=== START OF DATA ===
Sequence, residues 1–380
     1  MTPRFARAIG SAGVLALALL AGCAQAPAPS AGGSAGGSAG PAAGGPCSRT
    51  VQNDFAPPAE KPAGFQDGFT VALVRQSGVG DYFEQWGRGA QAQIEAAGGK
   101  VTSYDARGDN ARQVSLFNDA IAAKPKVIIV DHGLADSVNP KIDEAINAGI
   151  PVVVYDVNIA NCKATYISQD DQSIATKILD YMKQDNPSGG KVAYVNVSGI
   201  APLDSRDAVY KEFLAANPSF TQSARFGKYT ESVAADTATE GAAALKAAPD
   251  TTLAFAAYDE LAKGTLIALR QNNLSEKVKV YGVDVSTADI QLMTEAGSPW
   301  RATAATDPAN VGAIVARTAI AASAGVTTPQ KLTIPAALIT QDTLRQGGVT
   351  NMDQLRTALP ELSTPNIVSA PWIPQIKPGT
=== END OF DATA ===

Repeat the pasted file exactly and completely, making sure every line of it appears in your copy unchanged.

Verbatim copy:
Sequence, residues 1–380
     1  MTPRFARAIG SAGVLALALL AGCAQAPAPS AGGSAGGSAG PAAGGPCSRT
    51  VQNDFAPPAE KPAGFQDGFT VALVRQSGVG DYFEQWGRGA QAQIEAAGGK
   101  VTSYDARGDN ARQVSLFNDA IAAKPKVIIV DHGLADSVNP KIDEAINAGI
   151  PVVVYDVNIA NCKATYISQD DQSIATKILD YMKQDNPSGG KVAYVNVSGI
   201  APLDSRDAVY KEFLAANPSF TQSARFGKYT ESVAADTATE GAAALKAAPD
   251  TTLAFAAYDE LAKGTLIALR QNNLSEKVKV YGVDVSTADI QLMTEAGSPW
   301  RATAATDPAN VGAIVARTAI AASAGVTTPQ KLTIPAALIT QDTLRQGGVT
   351  NMDQLRTALP ELSTPNIVSA PWIPQIKPGT